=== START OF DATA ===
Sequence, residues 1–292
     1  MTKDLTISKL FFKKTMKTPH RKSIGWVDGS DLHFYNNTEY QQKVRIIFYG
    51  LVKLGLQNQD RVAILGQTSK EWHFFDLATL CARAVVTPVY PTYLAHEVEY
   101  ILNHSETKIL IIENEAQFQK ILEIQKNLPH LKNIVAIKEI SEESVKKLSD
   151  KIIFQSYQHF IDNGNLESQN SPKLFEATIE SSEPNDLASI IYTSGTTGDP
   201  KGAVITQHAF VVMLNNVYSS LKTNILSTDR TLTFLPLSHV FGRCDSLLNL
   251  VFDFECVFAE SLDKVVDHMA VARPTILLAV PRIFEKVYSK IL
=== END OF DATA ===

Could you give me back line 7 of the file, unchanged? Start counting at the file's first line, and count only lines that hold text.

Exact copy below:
   251  VFDFECVFAE SLDKVVDHMA VARPTILLAV PRIFEKVYSK IL